The Name: Great British Exchange
The Place: Mainly online but also one showroom in Harrogate.
The Story: Patriots arise! Your country needs you.
I’m ready: I have a stuffed bulldog. Mmmm, not really the style I wanted.
I’ve got Union Jack underwear. Too much information.
I’m singing Rule Britannia. Again, it’s one way to show your homeland love but not quite what I was after.
And I haven’t even mentioned my St George tattoo. OK, what I had in mind were notions of quality, tradition and artisan production.
Oh. A timeless style, coupled with inventive design associated with the worldwide British stamp of excellence.
Well, I think we’re pretty much on the same wavelength then. Fire away. The MD of the Great British Exchange is Matthew Hopkins. And he worked for a product licensing firm – working mainly with Jamie Oliver’s cooking utensil range. And he had a dream in June 2014.
Was it about morris dancing? No, it was about sourcing only products made in the UK in his business. But it wasn’t a concept that was right for Jamie Oliver’s empire.
Really? Nope, that is more a mass market franchise – the price quality ratio would not be right and the Far East is really the only option for those volumes. However he held the image closely to his bosom.
Steady. The eureka moment came when he realised that all the products were actually here in the UK but that the whole supply infrastructure was geared to sourcing in China.
Shocking. Indeed. So he came up with the idea of providing UK producers with a route to the distribution market.
Aha. So Mr and Mrs Person in the street cannot buy from the GBE. No sir. This is a site for retailers and we’re talking the whole spectrum from the John Lewis Partnership down to your one man band working from one shop in Melton Mowbray.
How does it work, pray tell. On a single purchase order the shop owner can order any amount of hundreds of products and the Great British Exchange manages the whole accounting, payments, returns etc.
That’s a blooming good deal for the manufacturers isn’t it? Hopefully. They pay £200 for membership and then a fee on every transaction but it’s not as high as a distributor would charge, more of an agent fee in fact.
I have questions. Logistics for one. Ah yes, as you‘d expect a complex system working behind the site frontage. GBE partners with UPS and has a special software which calculates the best form of packaging for each order thereby reducing waste and hassle.
I must say it’s clever. Hopkins reckons in 4-5 clicks it’s all over. Invoice done and UPS alerted.
And how is this is the venture going? October 2015 was the official launch and the exchange is now offering 5,000 products across eight categories from 200 producers.
Waiting list to get on, I’ll be bound. Correct. 200 further suppliers are being vetted as we speak. In fact more are turned away than accepted because there is a lot more on offer for them than just the possibility of selling. Take a company like Sheepish.
Never heard of ‘em. Exactly, because they spend all their time making the tops and jackets they sell at Kendal market, there’s no time to be hiring web developers or finding apprentices or applying for government grants but all that information is on the community part of the GBE site. All part of the service.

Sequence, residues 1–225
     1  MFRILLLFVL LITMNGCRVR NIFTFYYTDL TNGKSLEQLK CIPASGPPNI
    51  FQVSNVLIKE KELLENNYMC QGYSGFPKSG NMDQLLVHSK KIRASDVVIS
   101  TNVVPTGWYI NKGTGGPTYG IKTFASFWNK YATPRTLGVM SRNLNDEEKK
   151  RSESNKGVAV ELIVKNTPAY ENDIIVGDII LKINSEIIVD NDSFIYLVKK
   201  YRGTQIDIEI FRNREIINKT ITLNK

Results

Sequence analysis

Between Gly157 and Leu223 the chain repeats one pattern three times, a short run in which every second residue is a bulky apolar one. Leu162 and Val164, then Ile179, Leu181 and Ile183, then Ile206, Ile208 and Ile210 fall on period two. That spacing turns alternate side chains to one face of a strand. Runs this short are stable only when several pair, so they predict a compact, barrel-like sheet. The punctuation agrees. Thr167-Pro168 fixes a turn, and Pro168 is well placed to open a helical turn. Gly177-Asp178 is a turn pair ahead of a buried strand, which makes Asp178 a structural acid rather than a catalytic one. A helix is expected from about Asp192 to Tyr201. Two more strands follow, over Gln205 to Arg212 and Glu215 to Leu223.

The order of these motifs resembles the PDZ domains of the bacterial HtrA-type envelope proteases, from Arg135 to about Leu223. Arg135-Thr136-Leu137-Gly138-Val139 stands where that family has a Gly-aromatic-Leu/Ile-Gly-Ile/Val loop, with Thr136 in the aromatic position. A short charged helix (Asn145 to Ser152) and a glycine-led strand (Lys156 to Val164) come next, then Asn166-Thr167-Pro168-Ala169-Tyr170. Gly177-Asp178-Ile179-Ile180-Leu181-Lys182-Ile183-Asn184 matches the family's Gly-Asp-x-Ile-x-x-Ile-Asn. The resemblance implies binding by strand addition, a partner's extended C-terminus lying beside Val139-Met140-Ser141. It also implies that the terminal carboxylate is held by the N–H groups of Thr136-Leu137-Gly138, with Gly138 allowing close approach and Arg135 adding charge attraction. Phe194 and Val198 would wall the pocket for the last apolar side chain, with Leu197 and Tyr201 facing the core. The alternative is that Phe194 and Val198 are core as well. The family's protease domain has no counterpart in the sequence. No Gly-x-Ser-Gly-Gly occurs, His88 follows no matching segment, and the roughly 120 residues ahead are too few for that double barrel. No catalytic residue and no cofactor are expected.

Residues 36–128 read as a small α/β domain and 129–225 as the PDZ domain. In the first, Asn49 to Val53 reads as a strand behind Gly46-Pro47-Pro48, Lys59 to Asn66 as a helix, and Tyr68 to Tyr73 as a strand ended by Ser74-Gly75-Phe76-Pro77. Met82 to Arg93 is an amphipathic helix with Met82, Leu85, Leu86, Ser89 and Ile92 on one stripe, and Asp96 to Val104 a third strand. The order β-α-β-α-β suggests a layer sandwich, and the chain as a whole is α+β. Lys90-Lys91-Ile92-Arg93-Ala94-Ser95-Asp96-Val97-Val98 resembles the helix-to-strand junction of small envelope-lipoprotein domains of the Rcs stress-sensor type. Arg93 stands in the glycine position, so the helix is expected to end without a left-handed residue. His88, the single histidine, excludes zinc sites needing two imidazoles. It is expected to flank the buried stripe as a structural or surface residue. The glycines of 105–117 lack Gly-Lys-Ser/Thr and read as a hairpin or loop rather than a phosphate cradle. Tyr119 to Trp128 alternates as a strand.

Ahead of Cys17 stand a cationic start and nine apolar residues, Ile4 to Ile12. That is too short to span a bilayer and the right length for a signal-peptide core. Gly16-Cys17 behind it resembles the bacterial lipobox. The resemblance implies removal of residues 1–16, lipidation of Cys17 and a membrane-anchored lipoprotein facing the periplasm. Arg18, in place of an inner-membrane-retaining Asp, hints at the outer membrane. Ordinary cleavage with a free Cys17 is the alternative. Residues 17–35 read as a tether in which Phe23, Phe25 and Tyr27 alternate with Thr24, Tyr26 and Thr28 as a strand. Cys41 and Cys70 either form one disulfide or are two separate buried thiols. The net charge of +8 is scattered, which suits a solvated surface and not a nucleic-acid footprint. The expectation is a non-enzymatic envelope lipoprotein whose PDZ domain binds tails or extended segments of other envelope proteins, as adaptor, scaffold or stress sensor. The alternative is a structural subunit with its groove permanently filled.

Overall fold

And how do you get through vetting? They’re not letting people on who make something here but use foreign materials and then get it packed up abroad and just stick a Union Jack on the packet afterwards.
Well, huzza. So the criteria are? Designed, manufactured and packaged in the UK using British materials.
Blimey, that’s a bit stringent. There is a teeny bit of leeway – a jeweller for example wouldn’t need to use UK-sourced jewels otherwise it would be very small business indeed.
Could I have a selection of products on offer to whet the appetite. At the large end there is a company called WhatMade which sells 8,500 SKUs globally and has sales of £50 million and at the little end you can find Ms Rebecca Knott of Guildford. A female blacksmith making stainless steel salad and fruit bowls.
Aah. Bless her tinkering about in her garage. Which sell for £750 a pop.
I’ve already taken it back. And we can go right down to Innabox producing earrings at £2.50 a pair.
I get it. Variety. Yes, what NotOnTheHighStreet.com does for consumers, the Great British Exchange does for retailers.
And speaking of retailers what is the potential market out there. Hopkins reckons there are 7,000 to approach (including big guns like John Lewis and House of Fraser) and thanks to the new showroom in Harrogate they can come and poke and prod the products as much as they like.
Is there much prodding in retail? You’d be surprised. The 1,200 sq ft converted barn is essential for sales. Buyers visit by appointment and 500-600 product samples are always displayed on a rotating basis.
Sounds a bit daunting. But it’s personalised service all the way. So if you are stationery buyer for a chain of shops you will not be shown stainless steel salad bowls obviously. The warehouse will be rearranged for your visit.
Pretend I’m from Lakeland, sell me the concept. Welcome to our conveyor belt of interesting and unique goods with excellent provenance from a British background. Ta da.
Honestly, I think it’s simply marvellous. Not a Union Jack in sight and I feel all warm and fuzzy inside. Excellent, can I interest you in a stainless steel fruit bowl?
Yes, hang the cost. God Save The Queen. Amen. Right, I’ll take the long number first.
PCMS is a global provider of IT software, specialising in retail services, including point of sale (PoS) software, contact centre and IT support services. It is a pioneer in developing mobile retail solutions, including customer shopping apps and mobile PoS. Its client list includes John Lewis, Marks & Spencer, Waitrose, Whole Foods, as well as Walgreens in the US and fashion brands including Prada and Ferragamo across Europe.